In the never-ending recapitulation of the Shannon Faulkner-as-victim saga (formerly Shannon Faulkner-as-heroine), Gloria Ray Carpeneto in her Aug. 28 letter actually compares the photo of jubilant Citadel cadets rejoicing at the cadet's departure to "the photo of a naked child running, burning with napalm, or the photo of a young woman holding a dead student at Kent State."

These men were celebrating the preservation of the integrity of an institution they respected and revered. An institution where previously students gained admission without resorting to trickery, deceit or to scores of radical feminist lawyers.

By the way, I have a picture you might like to see . . if it's not too offensive.

It's of cheering women students at Mills College having a champagne toast following the decision that forbade men from attending their school.

Ray Gercke

Baltimore

I suppose there are many letters like mine, but when it hits home one feels the full impact. My wife received the news that she has lung cancer, that is a fast-growing cancer. To keep busy, I have been cleaning in the club basement and the porch where she and everyone smoked. Every time I rinsed the cleaning cloth and saw all the nicotine on the cloth and in the water, I had a lump in my throat. I was a smoker, but quit for the second time four years ago.

I just wish people would realize what a killer this can be and just give smoking up.

Jim Hamilton

White Marsh

Very Few Legal Gun Owners Commit Crimes

Carl Highsmith's Sept. 2 letter, "Ban Handguns in City, Region and State," shows an ignorance of the facts and a simplistic understanding of the problem of violent crime.

He starts with the assertion that the only purpose of handguns is shooting people, totally ignoring the fact that guns are used in self-defense many thousands of times a year, almost never requiring that the gun even be fired.

Although gun-control advocates usually cite a study showing 80,000 self-defenses annually, and gun-rights activists sometimes cite numbers as high as 2.5 million, most people familiar with the statistical data respect the several studies putting the number at about 800,000. Of these cases, one in a hundred involves shooting the assailant, and one in four hundred involves killing the assailant.

That 800,000 is approximately equal to the number of gun crimes annually, so one might conclude that banning guns (making them available only to those willing to break the law) could double the number of crimes. Of course it is not so simple as LTC that, but the problem is certainly more involved than Mr. Highsmith's assertion that the homicide rate would drop 60 percent by banning guns in the city.

He states that Washington, D.C., has a handgun ban, but is still one of the nation's murder capitals. He then goes on to explain that people go to Maryland and Virginia to get their guns. Based on this insight, he proposes a ban on handguns not just in the city, but in the region and state as well.

Since it is already illegal to buy guns in any state other than the one you live in, then these purchases are already illegal, and enforcement of existing laws should stop the problem. Why does he stop at the state or regional level with his ban? Clearly, Mr. Highsmith should recommend at least a national ban, if not an international ban. I'm sure that such a ban would be just as successful as prohibition was in eliminating alcohol, and the war on drugs is in eliminating drugs from our streets. If guns can be found anywhere on the planet, and people want them, criminals will be willing to make money smuggling them, and violence will erupt when criminals fight over the valuable profits from such a black market trade.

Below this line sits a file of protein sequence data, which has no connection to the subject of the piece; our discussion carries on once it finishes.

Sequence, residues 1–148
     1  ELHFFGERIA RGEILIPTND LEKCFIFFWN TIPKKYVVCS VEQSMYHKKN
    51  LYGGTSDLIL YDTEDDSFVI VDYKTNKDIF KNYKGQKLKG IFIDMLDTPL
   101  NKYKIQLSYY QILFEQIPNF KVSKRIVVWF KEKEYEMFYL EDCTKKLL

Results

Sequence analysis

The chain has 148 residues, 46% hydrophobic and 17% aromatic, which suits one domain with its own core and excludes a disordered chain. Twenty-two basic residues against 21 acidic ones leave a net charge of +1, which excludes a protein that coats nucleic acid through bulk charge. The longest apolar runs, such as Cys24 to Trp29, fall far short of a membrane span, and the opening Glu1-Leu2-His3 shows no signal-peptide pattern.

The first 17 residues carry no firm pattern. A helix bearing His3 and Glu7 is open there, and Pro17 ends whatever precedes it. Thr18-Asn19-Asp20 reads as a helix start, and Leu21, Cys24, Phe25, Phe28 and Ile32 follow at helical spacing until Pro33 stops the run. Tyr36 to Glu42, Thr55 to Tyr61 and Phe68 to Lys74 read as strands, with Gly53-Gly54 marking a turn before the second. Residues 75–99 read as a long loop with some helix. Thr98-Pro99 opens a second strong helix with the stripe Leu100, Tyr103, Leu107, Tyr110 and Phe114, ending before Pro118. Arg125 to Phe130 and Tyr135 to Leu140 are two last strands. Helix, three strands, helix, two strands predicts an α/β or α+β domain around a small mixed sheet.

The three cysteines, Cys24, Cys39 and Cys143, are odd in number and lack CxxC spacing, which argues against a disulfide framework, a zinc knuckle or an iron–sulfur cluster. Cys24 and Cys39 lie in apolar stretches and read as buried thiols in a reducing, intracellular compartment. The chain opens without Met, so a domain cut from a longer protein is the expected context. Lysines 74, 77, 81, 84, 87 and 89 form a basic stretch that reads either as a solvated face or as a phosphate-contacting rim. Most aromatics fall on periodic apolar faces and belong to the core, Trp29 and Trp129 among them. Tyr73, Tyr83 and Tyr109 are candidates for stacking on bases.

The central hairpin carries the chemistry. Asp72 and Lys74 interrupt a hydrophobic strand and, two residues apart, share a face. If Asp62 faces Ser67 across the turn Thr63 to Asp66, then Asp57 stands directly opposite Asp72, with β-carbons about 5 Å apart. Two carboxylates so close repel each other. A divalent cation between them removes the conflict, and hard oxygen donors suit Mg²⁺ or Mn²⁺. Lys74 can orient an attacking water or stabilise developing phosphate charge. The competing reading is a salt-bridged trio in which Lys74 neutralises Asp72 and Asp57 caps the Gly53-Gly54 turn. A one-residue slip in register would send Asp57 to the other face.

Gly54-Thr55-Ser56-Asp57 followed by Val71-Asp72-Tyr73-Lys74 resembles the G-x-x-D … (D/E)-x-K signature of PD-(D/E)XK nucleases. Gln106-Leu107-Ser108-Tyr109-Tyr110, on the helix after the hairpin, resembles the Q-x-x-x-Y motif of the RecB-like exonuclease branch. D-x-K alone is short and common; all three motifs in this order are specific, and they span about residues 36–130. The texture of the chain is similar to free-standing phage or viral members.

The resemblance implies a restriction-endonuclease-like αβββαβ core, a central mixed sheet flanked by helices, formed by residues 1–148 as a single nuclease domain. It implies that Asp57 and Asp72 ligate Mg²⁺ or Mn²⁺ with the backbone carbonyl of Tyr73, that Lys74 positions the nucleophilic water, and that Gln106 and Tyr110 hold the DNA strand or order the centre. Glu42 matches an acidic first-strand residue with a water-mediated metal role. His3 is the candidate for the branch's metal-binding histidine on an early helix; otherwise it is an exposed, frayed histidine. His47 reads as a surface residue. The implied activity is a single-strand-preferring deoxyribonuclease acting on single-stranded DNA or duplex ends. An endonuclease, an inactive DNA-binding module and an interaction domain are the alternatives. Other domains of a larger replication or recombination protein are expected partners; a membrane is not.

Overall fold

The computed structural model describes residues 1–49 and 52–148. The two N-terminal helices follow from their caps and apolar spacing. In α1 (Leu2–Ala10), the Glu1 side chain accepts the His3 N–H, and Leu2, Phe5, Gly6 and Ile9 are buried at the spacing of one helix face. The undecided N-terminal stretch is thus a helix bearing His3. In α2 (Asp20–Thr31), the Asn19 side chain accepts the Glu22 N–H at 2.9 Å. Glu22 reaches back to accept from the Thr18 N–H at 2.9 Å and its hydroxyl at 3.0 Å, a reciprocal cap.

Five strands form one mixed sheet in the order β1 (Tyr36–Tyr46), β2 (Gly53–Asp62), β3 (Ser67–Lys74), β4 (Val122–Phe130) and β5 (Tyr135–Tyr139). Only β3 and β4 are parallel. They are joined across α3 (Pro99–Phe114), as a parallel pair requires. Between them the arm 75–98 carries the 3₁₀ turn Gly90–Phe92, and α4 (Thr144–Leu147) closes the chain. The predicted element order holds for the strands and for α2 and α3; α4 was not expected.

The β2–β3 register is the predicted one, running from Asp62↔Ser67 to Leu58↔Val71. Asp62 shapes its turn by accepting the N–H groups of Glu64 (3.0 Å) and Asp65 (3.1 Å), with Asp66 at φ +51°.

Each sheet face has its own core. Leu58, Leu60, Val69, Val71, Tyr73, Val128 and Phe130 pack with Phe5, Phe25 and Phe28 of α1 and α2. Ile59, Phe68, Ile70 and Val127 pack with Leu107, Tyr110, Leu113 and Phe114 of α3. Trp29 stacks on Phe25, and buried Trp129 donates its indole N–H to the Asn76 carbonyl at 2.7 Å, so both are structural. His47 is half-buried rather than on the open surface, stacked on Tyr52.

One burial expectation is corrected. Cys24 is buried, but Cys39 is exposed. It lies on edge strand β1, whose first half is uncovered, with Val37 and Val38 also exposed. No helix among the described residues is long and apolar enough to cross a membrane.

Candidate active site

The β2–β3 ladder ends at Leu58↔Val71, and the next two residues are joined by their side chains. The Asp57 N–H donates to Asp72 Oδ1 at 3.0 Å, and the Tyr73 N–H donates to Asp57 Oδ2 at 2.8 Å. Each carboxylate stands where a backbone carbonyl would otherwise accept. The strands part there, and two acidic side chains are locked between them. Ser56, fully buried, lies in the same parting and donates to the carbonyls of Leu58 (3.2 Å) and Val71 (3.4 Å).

Mr. Highsmith is so close to the truth, then refuses to see it. As he says, areas in the country with strict gun bans have the highest per capita gun crime rates, and the neighboring areas with liberal gun laws have much lower rates of crime. Why do criminals break the law to get their guns elsewhere, then break more laws to bring them back to D.C., so they can commit crimes? Because they know that guns are illegal there, and their law-abiding victim is much less likely to shoot them.

Finally, Mr. Highsmith states that he does not want to deprive people of their right to sporting or hunting guns. The Second Amendment has nothing to do with hunting or sporting. It is about protecting a basic human right to defend oneself, from crime, tyranny and foreign invasion. Mr. Highsmith proposes chipping away at one part of that right because a small number of people abuse that right.

There are 800,000 gun crimes a year in the U.S. That is a lot, and we should do what we can to reduce that number. However, to put some perspective on it, there are over 80 million legal gun owners and over 250 million legal guns in this country. If every crime was committed by a legal gun owner, and every crime was committed by a different person, only 1 percent of the gun owners would be involved in crime. Since most crimes are committed by repeat criminals, and those criminals by definition are not legal gun owners, only an insignificant fraction of a percent of legal gun owners will ever be involved in a gun crime. Because of the actions of that very few and of those already outside the law, Mr. Highsmith wants to restrict the basic rights of all who want to defend themselves.

Carl Aron

Catonsville